The New York Times’ Richard Siklos outlines how traditional media companies are “Waiting for the Dough on the Web” in his “Media Frenzy” piece today:
one could make a case that the amount of focus on — and hype about — Internet activities at media companies has some kind of inverse relationship to the amount of near-term revenue they represent for these companies. We're still in the early innings, but given how much the Internet has already transformed the media and society, it's surprising how little money traditional media companies make directly from it.
Siklos puts forth a broad strokes review of how the various media conglomerates are positioning themselves, and faring, online. While including “balanced” optimistic and pessimistic scenarios for the traditional media companies, Siklos posits that online operations for some companies:
could serve increasingly as a promotional or marketing outlet, or as a cut-rate but widely distributed version of what consumers can buy in conventional formats…
For now, though, the question of who among the media companies has this Internet thing figured out remains open. But at this time of upheaval and gloom about media's prospects, it is funny to think about how much money there is still to be made in the good old offline world.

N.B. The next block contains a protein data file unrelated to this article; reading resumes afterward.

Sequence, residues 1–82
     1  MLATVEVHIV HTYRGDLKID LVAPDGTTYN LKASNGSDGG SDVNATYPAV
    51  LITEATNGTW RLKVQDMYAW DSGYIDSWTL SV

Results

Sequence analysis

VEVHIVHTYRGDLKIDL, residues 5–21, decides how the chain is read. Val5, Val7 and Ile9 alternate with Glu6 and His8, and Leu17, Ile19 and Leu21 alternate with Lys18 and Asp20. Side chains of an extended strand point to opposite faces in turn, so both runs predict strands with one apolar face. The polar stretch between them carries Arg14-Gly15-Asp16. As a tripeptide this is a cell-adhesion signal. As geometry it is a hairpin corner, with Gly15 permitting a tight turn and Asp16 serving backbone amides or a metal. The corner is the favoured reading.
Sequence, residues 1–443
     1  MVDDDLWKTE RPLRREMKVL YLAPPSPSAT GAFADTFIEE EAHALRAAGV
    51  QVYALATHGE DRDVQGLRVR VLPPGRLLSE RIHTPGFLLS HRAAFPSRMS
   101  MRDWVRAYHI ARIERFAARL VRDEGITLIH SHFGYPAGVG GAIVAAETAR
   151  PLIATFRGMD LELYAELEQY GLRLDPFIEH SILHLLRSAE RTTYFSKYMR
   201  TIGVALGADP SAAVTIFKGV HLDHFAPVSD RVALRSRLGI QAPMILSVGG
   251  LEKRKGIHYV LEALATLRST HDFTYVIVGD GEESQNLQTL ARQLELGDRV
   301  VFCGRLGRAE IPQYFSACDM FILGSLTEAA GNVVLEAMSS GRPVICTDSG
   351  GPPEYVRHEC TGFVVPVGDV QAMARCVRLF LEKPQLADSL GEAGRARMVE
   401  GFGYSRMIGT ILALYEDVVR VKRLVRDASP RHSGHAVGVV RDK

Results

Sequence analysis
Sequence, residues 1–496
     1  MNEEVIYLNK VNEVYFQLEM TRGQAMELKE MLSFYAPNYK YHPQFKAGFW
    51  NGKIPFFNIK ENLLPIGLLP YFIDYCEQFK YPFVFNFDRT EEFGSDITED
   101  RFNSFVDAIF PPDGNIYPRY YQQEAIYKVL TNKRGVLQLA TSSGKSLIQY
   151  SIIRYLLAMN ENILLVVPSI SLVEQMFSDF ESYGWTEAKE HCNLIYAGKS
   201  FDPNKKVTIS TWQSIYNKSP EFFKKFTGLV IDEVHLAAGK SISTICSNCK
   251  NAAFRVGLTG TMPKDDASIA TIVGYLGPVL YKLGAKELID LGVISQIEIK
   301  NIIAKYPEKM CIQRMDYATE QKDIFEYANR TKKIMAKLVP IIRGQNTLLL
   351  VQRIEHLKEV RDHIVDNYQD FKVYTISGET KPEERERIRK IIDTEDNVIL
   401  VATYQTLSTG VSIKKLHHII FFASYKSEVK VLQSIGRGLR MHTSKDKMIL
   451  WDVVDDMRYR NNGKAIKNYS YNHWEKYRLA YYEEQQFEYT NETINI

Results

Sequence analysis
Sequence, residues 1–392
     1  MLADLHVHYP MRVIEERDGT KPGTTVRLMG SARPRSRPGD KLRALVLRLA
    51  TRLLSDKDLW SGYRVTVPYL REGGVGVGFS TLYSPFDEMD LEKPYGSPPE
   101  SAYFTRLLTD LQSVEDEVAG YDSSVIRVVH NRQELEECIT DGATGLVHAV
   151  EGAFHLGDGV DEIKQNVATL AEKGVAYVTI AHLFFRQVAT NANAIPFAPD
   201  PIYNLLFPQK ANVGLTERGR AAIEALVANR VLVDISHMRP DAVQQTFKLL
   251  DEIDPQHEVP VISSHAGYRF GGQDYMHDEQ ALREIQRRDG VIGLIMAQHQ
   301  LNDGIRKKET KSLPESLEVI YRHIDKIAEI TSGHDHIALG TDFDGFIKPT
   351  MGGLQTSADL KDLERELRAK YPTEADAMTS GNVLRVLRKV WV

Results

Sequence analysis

It is doubtful however, that Siklos’ own New York Times, cited by Siklos as an example of one of the traditional media companies that “stand out for their online strategies”, finds it “funny” that a UBS analyst recently cast much doubt on “how much money” The New York Times can make in the “good old offline world.”
According to UBS analyst Brian Shipman, as reported by Forbes:
The New York Times Company is particularly vulnerable throughout the northeastern United States…regional economic woes could adversely affect advertising -- the company’s main source of revenue….
National expansion of the company’s flagship paper, the New York Times, may slacken because the pool of subscribers may be reaching its limit. Subscription price increases over the past few years, coupled with growing competition in the New York metro area may also hinder circulation expansion.
UPDATE: "The Incredible Shrinking Newspaper, Newspapers are dying , but the news is thriving," by Jack Shafer:
That high-pitched squealing you hear in the background is the sound of the American newspaper shrinking...
Everywhere, newspapers are chucking stock tables, eliminating such once-venerable features as horse-racing coverage and their own editorial cartoonists, and consolidating or killing sections. For example, The New York Times just axed its Sunday television listings guide and has consolidated its Sunday regional sections into one. Much to their distress, newspapers are shedding profitable classified and display advertising. Evaporating circulation, shuttered foreign bureaus, and scaled-back Washington and state capital bureaus complete the miniaturization of the American daily.
If newspapers get any smaller, you'll have to read them with a magnifying glass...
Publicly owned newspapers, most of which are handsomely profitable, blame Wall Street for the dinkification, saying the stock market punishes newspaper companies when their publications don't earn the accustomed 20 percent profit margin.